Built in the 1850s as a place of worship for the Neolog Jews, this is the second-largest synagogue in the world, running up in size only to the Temple Emanu-El in New York City. Just like its counterpart in Rumbach Street, the Dohány Street synagogue was also designed by Viennese architect, Ludwig Forster, in a similar Moorish Revival style. Set in the old Jewish quarter, the synagogue forms part of a larger complex that includes the Heroes' Temple, the graveyard, the Memorial, and the Jewish Museum. During WWII, Dohány Street marked the border of the Budapest Ghetto and today still carries strong Holocaust connotations.

The massive damage sustained by the Great Synagogue during the Second World War, followed by a long period of neglect under the communist rule, called for an extensive restoration work which finally took place in the 1990s.

The octagonal twin towers of the building, guarding the main entrance topped with a beautiful stained glass rosette, are crowned by onion domes that make it visible all over the city. Inside, the enormous nave rises almost 40 feet high revealing influence of the Gothic, Romantic, and Byzantine styles. Dominating the interior is a new mechanical organ replacing the original one created in the 19th century.

Just as in many other synagogues, the seats on the ground level are reserved for men, while the upper gallery is for women. In all, the place can seat up to 3,000 people.

Those interested in the Jewish history, can explore the Jewish Heroes’ mausoleum next door, or the museum and archives upstairs which are quite informative, thought-provoking and enlightening, if you like. Buried in the local graveyard are the Jews died during the Holocaust, as well as the non-Jews who helped saving Jewish lives. The adjacent park holds a memorial to these people.

The Great Synagogue offers group tours in a variety of languages. Visitors must observe a strict dress code, though. If need be, there's a special “overall” type of clothing provided at the entrance.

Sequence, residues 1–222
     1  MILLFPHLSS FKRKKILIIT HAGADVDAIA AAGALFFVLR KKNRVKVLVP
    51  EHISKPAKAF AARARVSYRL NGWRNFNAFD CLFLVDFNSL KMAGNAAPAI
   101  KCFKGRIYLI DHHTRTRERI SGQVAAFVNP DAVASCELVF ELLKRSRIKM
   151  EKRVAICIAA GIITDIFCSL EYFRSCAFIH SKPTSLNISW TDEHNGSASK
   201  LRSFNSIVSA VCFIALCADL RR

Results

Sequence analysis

Vaci Street

7) Vaci Street

Extending for more than 15 blocks, from Vörösmarty square to Fővám square, passing through the very heart of Pest, the pedestrian Váci street takes about half an hour walk its entire length. For more than a century, this street has been the place for the locals to come to and see things and be seen. Lined with numerous lovely spots, each door on the side of Váci Street is either a shop, a restaurant, a cafe, a bar or a store worth popping in and checking out.

If time is in shortage, feel free to ignore the more generic ones and look out for those gems of Art Nouveau facades presented here in abundance. Behind some of them, you will find antiques stores, art galleries, souvenir shops, and lots of foreign exchange offices, mind you, in case you need any Hungarian Forints. The prices here a bit steeper than, say, just a few blocks away. Strolling down Váci Street is an experience well worth having, especially if coupled with a cup of coffee, a glass of wine or a full meal enjoyed along the way.
Great Market Hall (Nagyvasarcsarnok)

8) Great Market Hall (Nagyvasarcsarnok) (must see)

Budapest's central market is one of the mandatory places to visit for those newcomers to the Hungarian capital. The largest and oldest marketplace in the city, it was built in the late 19th century courtesy of the first mayor, Karl Kamermayer, who subsidized its construction out of his own pocket and under whose tenure Budapest turned into the country's political, economic and commercial hub, much as one of Europe's cultural centers.

Clad in steel, with an elegant entrance gate featuring neo-Gothic design, the market is spread over three floors, covering the total area of 10,000 square meters. A particularly distinctive feature of this building is the roof recently restored and adorned with colorful tiling. Badly damaged during two world wars in the 20th century, the market remained closed for several years. The restoration works undertaken in the 1990s brought it back to the original splendor.

If you're a foodie with the taste for regional specialties, the stalls of Hungarian goodies such as lángos (deep-fried discs of dough smothered in sour cream and cheese), paprika, Tokaji wines, túró rudi curd snack, and caviar, as well farm-made sausages, sauerkraut, stuffed peppers and other delights sold at very reasonable prices, are not likely to leave anyone indifferent. Most stalls on the ground floor offer meats, pastries, candies, spices, and spirits, while the floor above accommodates eateries and souvenir stands. The lángos stand, widely regarded to be the best one on this market, sits here serving this delicious snack with regional beer. At the basement there's a supermarket, a fish market, and pickle stalls offering traditional cucumber, cauliflower, cabbage, beet, tomato, and garlic pickles, to mention but a few.

Other than quality food, the market offers a wide choice of moderately priced non-edible items as well, such as handicrafts, folk art, porcelain, crystal and souvenirs of various sort. Take your time to search for the best value for money, since many vendors here sell identical items. So if you're looking for handcrafts, be sure to get all the way around the back. Note that the market is largely a cash-only operation, except for the souvenir section. But the good news is that some businesses equally accept both the European Euro and the Hungarian Forint.